Some policies will also provide cover to allow you to ride a bike belonging to someone else, though the cover will usually be reduced to third party only.

In the event of a claim you will be liable for any damage excess as specifi ed on your policy. You can opt to pay a higher excess if you want to, which may reduce the price of your premium. If you are involved in an incident caused by a third party you will be able to claim your excess back from their insurers.

There are some companies that specialise in certain areas of motorcycle insurance. Female motorcyclists, people wanting to insure older (classic) machines, and riders who have completed an advanced training course can all benefi t from a reduction
in premiums.

If you intend taking your bike abroad most policies will cover you and your bike, but cover is usually reduced to the minimum requirement for that country. Before you go touring you should contact your insurers who, in most cases, will be able to upgrade
your policy for when you are away.

Although dealers can point you in the right direction when it comes to insuring your bike you will have to deal with the insurance companies direct or contact an insurance broker.

So shopping around is definitely the key. Use the phone numbers and web addresses listed below to find the best quote. Once you have found a policy you are happy with and don’t fancy forking out for the premium in one lump sum you can elect to pay by direct debit, which may save a bit of cash to put to put towards your new bike.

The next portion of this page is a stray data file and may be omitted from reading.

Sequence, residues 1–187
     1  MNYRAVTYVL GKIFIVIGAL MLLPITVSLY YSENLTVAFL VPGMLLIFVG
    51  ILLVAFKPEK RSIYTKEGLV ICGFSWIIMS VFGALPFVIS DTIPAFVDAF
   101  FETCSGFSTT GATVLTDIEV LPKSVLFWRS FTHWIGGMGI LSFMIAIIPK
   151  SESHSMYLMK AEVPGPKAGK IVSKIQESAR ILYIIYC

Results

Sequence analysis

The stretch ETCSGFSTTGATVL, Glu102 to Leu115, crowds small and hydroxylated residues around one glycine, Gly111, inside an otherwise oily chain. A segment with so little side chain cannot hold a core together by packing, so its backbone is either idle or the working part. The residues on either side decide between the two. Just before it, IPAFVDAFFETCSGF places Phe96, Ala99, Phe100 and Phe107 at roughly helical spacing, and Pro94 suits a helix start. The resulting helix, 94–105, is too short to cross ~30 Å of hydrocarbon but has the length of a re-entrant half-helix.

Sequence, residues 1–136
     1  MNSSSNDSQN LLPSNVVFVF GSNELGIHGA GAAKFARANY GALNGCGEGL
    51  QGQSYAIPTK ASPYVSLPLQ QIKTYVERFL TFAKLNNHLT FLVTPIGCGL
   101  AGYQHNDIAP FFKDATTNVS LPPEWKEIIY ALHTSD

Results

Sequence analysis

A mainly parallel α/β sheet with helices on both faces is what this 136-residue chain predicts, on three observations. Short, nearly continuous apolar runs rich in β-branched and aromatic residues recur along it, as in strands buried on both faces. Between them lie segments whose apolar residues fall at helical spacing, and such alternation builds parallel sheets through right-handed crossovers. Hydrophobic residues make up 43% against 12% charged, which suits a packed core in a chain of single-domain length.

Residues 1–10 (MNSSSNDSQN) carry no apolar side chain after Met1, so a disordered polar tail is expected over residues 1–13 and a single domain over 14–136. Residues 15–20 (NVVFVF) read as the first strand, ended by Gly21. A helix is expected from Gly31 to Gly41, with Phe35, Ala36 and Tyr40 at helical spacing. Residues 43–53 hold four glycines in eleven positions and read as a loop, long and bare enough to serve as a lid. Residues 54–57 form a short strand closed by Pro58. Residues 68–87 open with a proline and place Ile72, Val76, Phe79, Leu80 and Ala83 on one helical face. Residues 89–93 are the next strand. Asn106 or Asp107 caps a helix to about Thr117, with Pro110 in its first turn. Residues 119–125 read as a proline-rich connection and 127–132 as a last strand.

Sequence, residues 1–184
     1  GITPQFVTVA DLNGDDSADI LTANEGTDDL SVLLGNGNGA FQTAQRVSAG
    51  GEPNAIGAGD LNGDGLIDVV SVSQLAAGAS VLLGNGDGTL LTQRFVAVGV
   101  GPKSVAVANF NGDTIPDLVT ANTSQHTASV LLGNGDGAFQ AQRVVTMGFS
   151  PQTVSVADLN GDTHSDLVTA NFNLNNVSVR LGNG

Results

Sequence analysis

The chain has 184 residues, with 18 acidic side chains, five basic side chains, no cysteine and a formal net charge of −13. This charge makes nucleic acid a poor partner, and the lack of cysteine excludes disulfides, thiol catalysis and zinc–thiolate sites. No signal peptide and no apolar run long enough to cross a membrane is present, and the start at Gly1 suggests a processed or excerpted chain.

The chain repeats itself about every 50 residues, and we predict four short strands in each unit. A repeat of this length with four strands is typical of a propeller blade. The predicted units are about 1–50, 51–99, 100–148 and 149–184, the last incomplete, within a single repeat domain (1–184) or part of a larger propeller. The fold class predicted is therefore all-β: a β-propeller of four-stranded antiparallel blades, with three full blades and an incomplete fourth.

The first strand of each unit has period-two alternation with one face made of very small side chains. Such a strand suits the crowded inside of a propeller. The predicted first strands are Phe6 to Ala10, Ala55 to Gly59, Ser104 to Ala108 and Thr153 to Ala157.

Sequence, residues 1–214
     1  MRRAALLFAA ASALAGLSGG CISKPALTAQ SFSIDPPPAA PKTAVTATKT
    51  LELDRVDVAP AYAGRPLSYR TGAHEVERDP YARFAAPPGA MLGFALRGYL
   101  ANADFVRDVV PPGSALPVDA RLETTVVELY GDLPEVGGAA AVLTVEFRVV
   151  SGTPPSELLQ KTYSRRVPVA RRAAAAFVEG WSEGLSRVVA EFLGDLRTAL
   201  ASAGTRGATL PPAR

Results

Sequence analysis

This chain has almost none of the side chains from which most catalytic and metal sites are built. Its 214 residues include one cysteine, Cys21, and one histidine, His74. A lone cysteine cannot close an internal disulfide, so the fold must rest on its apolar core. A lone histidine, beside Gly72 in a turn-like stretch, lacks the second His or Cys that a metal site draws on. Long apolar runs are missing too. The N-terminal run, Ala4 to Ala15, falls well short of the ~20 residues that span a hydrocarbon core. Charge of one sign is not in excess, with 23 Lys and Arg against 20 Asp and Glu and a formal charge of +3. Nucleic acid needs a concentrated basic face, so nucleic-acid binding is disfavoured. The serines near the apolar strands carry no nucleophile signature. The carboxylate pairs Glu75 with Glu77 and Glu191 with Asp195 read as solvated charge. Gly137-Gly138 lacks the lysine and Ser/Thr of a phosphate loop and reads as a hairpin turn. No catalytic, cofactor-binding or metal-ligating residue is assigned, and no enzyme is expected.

Quick tips

  • Always shop around
  • Use the internet for research
  • Follow up with phone calls to haggle
  • Check for manufacturer’s policies
  • Check the excess and exclusions
  • Consider garaging and other security
  • Payments can be spread

For some tips on how to save money on your insurance, read our tips for cheaper motorcycle insurance.


AA Motorcycle Ins. 0800 028 0108www.theAA.com
Ashbourne Ins. Service 08704 608060
Bikesure 0800-0892000 www.bikesure.co.uk
Bennetts 0800-1077990 www.bennetts.co.uk
Carole Nash 0800-8047952 www.carolenash.com
Chandler Direct 0845-7660124
Churchill 0800-9167430 www.churchill.com
CIA Ins. Services 0870-4442777 www.cia-Ins..co.uk
Devitt Ins. 0800-200369 www.devittIns..com
Direct Choice 0844-8360836 www.directchoice.co.uk
Dyer Holmes 0800-5316622
Ebike www.ebikeinsurance.co.uk
Elite Motorcycle Ins. 0800-0934200 www.aquote.com
Express Ins. 0800-0720328
Footman James 0845-4584238 www.footmanjames.co.uk
Hastings Direct 0800-111066 www.hastingsdirect.com
HR Ins. Services 0845-1302800 www.Ins.2000.co.uk
insure 0800-1690177
MCE Ins. 0870-1122389 www.mcebikes.com
Motorcycle Direct 0870-7518499 www.motorcycledirect.co.uk
Norwich Union 0800-0681265 www.norwichunion.com
Peart Ins. 0800-0232162 www.peart.co.uk
Performance Direct 0800-7810542 www.performancedirect.co.uk
Roadsure 0845-4080016 www.roadsure.com
Swinton Bike Ins. 0800-0565631 www.swinton.co.uk
telebikes 0800-2984338 www.aquote.co.uk
The Policy Shop 0800-0644404
wickedquotes.com 08701-423600 www.wickedquotes.com
1st Quote 0208-3071104 www.1stquote.co.uk